Here is a scene from Candide in which the stand-in for Leibniz explains his worldview after witnessing the 1755 Lisbon Earthquake and volcano eruption, in which up to 100,000 people painfully died: “All that is for the best. If there is a volcano at Lisbon it cannot be elsewhere. It is impossible that things should be other than they are; for everything is right.”
All it takes is to discard the vain notion that everything happens for a reason is to imagine one small way that one small thing could be better. It would be better if everyone suffered a little less. It would be better if Lisbon and Port-au-Prince were not subject to hauntingly similar and equivalently tragic natural disasters on either side of modern history.
I don’t want to sound like I don’t understand the motivation for saying that everything happens for a reason. Believing in a caring, planned out universe is a consolation that everyone wants to offer to themselves at some point, whether that involves a god or not. A beneficent, caring, superior being in control is something that we get used to as children, and we miss it when it is gone.
I am simply saying that this is not a good way to go about getting that particular consolation.
Voltaire actually did witness that earthquake, and it changed him forever. It strengthened his resolve against Leibniz’s particular ill-founded optimism.
It assured him that while the universe can afford to be indifferent to us, we simply cannot afford to be indifferent to it.
In The Sirens of Titan, Kurt Vonnegut imagines a fictional religion called The Church of God the Utterly Indifferent, which exists to avoid the very conceit against which I am arguing. This is their prayer:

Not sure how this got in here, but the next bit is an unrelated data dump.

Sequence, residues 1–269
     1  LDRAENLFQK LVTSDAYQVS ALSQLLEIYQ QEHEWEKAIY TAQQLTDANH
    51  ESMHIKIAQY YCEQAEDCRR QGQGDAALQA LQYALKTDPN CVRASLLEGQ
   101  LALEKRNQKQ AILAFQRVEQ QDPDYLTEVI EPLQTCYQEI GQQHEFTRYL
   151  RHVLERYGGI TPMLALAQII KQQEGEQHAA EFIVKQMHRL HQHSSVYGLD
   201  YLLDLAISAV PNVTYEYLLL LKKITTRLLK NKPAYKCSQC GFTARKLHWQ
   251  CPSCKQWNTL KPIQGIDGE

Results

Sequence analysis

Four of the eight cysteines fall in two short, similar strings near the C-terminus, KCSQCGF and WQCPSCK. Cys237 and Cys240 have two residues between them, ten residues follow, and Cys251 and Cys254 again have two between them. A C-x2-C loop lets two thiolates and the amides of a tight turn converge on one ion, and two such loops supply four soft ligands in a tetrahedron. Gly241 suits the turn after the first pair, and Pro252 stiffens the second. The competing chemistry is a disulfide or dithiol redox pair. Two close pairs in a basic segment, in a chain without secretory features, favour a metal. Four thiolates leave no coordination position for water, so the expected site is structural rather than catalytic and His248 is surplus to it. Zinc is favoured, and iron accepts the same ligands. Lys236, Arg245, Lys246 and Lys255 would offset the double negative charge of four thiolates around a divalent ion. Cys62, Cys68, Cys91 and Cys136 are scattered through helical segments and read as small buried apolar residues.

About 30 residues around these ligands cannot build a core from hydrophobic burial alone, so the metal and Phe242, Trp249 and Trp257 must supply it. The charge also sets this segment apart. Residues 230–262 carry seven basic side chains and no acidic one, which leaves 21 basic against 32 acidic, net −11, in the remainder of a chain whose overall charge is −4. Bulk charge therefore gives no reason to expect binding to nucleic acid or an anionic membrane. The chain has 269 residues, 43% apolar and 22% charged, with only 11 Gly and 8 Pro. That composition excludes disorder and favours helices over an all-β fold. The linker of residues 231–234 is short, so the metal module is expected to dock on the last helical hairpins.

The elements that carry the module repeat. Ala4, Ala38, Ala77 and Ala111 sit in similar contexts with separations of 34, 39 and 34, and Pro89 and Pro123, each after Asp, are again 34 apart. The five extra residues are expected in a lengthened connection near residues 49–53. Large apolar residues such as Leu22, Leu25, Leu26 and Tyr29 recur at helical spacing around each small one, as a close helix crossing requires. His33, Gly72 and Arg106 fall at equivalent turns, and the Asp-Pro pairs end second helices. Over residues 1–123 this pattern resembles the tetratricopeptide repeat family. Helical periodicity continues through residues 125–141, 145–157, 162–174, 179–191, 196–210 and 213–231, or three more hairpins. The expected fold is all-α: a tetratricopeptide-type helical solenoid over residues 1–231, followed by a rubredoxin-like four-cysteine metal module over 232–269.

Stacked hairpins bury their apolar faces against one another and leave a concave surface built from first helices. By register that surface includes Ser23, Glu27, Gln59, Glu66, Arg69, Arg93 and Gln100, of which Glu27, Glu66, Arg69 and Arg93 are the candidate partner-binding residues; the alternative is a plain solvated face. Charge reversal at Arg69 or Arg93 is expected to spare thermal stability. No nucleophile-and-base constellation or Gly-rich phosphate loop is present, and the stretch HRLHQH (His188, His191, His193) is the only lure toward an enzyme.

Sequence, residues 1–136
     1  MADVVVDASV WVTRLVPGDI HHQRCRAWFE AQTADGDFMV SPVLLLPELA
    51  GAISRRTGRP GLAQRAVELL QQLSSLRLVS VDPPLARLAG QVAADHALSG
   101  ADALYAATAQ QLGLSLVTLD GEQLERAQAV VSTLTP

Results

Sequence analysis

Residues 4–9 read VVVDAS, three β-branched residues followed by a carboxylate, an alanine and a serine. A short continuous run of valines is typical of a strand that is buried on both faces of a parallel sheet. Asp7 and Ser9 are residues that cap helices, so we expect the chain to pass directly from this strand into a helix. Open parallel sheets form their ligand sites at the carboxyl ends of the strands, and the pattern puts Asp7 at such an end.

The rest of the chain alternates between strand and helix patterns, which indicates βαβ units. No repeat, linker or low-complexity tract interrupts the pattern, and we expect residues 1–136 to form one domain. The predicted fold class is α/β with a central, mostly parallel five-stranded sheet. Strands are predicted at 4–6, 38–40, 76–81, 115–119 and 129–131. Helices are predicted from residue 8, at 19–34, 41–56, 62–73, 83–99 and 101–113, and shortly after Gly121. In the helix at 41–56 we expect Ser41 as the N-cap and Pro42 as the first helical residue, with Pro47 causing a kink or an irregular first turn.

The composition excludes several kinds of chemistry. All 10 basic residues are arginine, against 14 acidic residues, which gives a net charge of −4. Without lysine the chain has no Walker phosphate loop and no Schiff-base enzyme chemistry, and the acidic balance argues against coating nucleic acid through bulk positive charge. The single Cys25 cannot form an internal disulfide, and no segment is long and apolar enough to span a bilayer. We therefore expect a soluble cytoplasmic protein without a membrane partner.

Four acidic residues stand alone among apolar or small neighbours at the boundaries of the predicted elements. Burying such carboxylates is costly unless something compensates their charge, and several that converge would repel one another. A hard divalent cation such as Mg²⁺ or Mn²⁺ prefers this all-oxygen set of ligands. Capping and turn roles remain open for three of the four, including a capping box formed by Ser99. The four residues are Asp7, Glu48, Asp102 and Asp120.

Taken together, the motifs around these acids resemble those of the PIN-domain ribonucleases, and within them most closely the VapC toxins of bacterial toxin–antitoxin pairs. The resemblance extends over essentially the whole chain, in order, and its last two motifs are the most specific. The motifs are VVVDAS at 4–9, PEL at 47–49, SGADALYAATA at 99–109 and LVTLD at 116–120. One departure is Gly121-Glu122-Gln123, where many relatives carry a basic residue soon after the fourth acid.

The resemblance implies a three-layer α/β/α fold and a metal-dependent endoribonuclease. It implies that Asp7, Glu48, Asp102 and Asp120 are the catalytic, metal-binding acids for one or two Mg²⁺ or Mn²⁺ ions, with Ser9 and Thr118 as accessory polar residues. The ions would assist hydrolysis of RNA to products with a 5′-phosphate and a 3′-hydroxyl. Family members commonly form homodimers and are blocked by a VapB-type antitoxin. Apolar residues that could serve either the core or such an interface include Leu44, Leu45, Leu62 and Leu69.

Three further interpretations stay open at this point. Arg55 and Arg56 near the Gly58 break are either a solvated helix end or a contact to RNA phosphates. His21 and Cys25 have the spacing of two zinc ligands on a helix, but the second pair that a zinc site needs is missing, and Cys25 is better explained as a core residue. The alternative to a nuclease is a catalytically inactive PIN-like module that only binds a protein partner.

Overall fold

“O Lord Most High, Creator of the Cosmos, Spinner of Galaxies, Soul of Electromagnetic Waves, Inhaler and Exhaler of Inconceivable Volumes of Vaccum, Spitter of Fire and Rock, Trifler with Millenia - what could we do for Thee that Thou couldst not do for Thyself one octillion times better? Nothing. What could we do or say that could possibly interest Thee? Nothing.
Oh, Mankind, rejoice in the apathy of our Creator, for it makes us free and truthful and dignified at last. No longer can a fool like me point to a ridiculous accident of good luck and say, “Somebody up there likes me.”
via Nick Clairmount for The Proverbial Skeptic
The Proverbial Skeptic is a blog about sayings, quotes, aphorisms, quips and nuggets of supposed wisdom. Here we will examine and out anything well said but either untrue, half-true, deceitful, wrong, or plain stupid.